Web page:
This investigation was motivated by observations that when persons with dysarthria increase loudness their speech improves. Some studies have indicated that this improvement may be related to an increase of prosodic variation. Studies have reported an increase of fundamental frequency (FO) variation with increased loudness, but there has been no examination of the relation of loudness manipulation to specific prosodic variables that are known to aid a listener in parsing out meaningful information. This study examined the relation of vocal loudness production to selected acoustic variables known to inform listeners of phrase and sentence boundaries: specifically, FO declination and final-word lengthening. Ten young, healthy women were audio-recorded while they read aloud a paragraph at what each considered normal loudness, twice-normal loudness, and half-normal loudness. Results showed that there was a statistically significant increase of FO declination, brought about by a higher resetting of FO at the beginning of a sentence and an increase of final-word lengthening from the half-normal loudness condition to the twice-normal loudness condition. These results suggest that when some persons with dysarthria increase loudness, variables related to prosody may change, which in turn contributes to improvement in communicative effectiveness. However, until this procedure is tested with individuals who have dysarthria, it is uncertain whether a similar effect would be observed.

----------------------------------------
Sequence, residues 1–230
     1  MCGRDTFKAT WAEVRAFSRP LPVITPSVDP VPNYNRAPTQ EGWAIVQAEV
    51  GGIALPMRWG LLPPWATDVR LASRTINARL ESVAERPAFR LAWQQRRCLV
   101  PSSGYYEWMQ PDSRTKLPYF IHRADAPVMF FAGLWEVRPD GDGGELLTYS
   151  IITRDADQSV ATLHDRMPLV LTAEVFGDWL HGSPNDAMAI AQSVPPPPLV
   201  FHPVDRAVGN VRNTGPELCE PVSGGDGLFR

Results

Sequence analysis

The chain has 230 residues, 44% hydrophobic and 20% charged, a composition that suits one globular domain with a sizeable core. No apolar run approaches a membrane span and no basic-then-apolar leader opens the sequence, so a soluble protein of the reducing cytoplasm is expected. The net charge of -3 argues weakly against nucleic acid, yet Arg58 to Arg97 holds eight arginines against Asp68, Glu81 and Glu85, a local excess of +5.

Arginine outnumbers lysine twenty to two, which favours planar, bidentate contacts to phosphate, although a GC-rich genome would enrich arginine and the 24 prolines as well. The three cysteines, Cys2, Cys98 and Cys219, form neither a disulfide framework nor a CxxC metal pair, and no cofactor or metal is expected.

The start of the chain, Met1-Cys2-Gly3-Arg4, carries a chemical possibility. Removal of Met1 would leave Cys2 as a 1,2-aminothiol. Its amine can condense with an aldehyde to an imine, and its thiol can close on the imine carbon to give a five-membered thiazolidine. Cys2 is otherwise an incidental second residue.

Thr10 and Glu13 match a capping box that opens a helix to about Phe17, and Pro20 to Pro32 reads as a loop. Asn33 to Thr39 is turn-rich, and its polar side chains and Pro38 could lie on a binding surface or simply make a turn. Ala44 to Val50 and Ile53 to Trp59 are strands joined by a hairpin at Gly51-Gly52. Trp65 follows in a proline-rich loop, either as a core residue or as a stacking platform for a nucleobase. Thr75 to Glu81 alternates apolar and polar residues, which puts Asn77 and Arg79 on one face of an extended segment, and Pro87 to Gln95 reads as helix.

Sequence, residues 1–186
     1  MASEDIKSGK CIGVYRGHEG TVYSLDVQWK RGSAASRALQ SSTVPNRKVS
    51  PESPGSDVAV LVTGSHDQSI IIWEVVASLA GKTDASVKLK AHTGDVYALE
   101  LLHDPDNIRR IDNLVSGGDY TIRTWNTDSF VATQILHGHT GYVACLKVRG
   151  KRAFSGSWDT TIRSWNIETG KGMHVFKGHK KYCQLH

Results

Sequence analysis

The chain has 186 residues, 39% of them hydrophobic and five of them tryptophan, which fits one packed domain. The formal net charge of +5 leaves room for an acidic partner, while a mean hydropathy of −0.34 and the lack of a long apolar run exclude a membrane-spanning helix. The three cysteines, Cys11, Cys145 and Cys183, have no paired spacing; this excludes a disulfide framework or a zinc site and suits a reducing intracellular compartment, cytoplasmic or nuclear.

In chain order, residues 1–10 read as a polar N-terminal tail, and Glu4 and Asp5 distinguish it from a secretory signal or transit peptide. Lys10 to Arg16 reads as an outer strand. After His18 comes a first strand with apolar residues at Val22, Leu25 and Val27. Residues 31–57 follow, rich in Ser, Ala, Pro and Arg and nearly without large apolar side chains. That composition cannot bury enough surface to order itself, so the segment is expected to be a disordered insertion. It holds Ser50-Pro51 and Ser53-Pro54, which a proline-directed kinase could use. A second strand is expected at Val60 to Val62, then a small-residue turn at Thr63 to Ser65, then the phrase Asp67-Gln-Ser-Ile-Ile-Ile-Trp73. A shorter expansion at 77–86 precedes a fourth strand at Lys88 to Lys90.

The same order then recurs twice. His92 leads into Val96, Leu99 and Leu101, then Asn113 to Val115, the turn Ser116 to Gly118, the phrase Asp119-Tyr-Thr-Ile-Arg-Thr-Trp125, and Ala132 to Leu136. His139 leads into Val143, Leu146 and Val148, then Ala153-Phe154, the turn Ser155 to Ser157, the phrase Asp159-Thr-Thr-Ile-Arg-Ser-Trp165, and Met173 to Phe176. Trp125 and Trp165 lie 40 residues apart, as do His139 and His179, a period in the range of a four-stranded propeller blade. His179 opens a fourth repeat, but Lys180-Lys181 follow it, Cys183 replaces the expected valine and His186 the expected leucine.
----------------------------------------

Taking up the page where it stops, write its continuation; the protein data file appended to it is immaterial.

- Loudness production